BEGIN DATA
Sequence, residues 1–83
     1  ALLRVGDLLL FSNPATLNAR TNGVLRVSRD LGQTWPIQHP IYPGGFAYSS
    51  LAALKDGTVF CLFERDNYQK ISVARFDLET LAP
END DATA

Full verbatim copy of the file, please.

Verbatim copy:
Sequence, residues 1–83
     1  ALLRVGDLLL FSNPATLNAR TNGVLRVSRD LGQTWPIQHP IYPGGFAYSS
    51  LAALKDGTVF CLFERDNYQK ISVARFDLET LAP